Project description:Loss of genomic imprinting is involved in a number of developmental abnormalities and cancers. ZAC is an imprinted gene expressed from the paternal allele of chromosome 6q24 within a region known to harbor a tumor suppressor gene for several types of neoplasia. p57(KIP2) (CDKN1C) is a maternally expressed gene located on chromosome 11p15.5 which encodes a cyclin-dependent kinase inhibitor that may also act as a tumor suppressor gene. Mutations in ZAC and p57KIP2 have been implicated in transient neonatal diabetes mellitus (TNDB) and Beckwith-Wiedemann syndrome, respectively. Patients with these diseases share many characteristics. Here we show that mouse Zac1 and p57Kip2 have a strikingly similar expression pattern. ZAC, a sequence-specific DNA-binding protein, binds within the CpG island of LIT1 (KCNQ1OT1), a paternally expressed, anti-sense RNA thought to negatively regulate p57(KIP2) in cis. ZAC induces LIT1 transcription in a methylation-dependent manner. Our data suggest that ZAC may regulate p57(KIP2) through LIT1, forming part of a novel signaling pathway regulating cell growth. Mutations in ZAC may, therefore, contribute to Beckwith-Wiedemann syndrome. Furthermore, we find changes in DNA methylation at the LIT1 putative imprinting control region in two patients with TNDB.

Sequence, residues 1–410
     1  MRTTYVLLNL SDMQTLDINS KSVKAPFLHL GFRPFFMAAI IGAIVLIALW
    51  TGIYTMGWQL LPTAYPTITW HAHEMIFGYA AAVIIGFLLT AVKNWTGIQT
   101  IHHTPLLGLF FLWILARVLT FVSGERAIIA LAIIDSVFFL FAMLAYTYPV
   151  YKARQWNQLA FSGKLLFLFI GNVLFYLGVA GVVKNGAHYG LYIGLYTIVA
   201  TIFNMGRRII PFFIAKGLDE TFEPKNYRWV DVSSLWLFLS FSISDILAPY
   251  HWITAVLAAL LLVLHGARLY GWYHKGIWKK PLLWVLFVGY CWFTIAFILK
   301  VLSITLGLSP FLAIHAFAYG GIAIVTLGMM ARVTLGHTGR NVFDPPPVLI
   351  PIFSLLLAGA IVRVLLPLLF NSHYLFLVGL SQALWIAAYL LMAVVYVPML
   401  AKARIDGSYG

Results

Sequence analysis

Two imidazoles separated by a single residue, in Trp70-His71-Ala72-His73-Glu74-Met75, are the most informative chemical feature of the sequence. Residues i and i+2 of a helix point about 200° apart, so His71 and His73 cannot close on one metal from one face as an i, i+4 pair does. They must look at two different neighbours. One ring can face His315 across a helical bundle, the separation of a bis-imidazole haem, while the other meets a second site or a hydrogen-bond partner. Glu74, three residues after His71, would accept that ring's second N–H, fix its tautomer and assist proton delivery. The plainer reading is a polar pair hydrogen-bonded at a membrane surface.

Project description:Several imprinted genes have been implicated in the process of placentation. The distal region of mouse chromosome 7 (Chr 7) contains at least ten imprinted genes, several of which are expressed from the maternal homologue in the placenta. The corresponding paternal alleles of these genes are silenced in cis by an incompletely understood mechanism involving the formation of a repressive nuclear compartment mediated by the long non-coding RNA Kcnq1ot1 initiated from imprinting centre 2 (IC2). However, it is unknown whether some maternally expressed genes are silenced on the paternal homologue via a Kcnq1ot1-independent mechanism. We have previously reported that maternal inheritance of a large truncation of Chr7 encompassing the entire IC2-regulated domain (DelTel7 allele) leads to embryonic lethality at mid-gestation accompanied by severe placental abnormalities. Kcnq1ot1 expression can be abolished on the paternal chromosome by deleting IC2 (IC2KO allele). When the IC2KO mutation is paternally inherited, epigenetic silencing is lost in the region and the DelTel7 lethality is rescued in compound heterozygotes, leading to viable DelTel7/IC2KO mice.Considering the important functions of several IC2-regulated genes in placentation, we set out to determine whether these DelTel7/IC2KO rescued conceptuses develop normal placentae. We report no abnormalities with respect to the architecture and vasculature of the DelTel7/IC2KO rescued placentae. Imprinted expression of several of the IC2-regulated genes critical to placentation is also faithfully recapitulated in DelTel7/IC2KO placentae.Taken together, our results demonstrate that all the distal chromosome 7 imprinted genes implicated in placental function are silenced by IC2 and Kcnq1ot1 on the paternal allele. Furthermore, our results demonstrate that the methylated maternal IC2 is not required for the regulation of nearby genes. The results show the potential for fully rescuing LQ trans placental abnormalities that are caused by imprinting defects.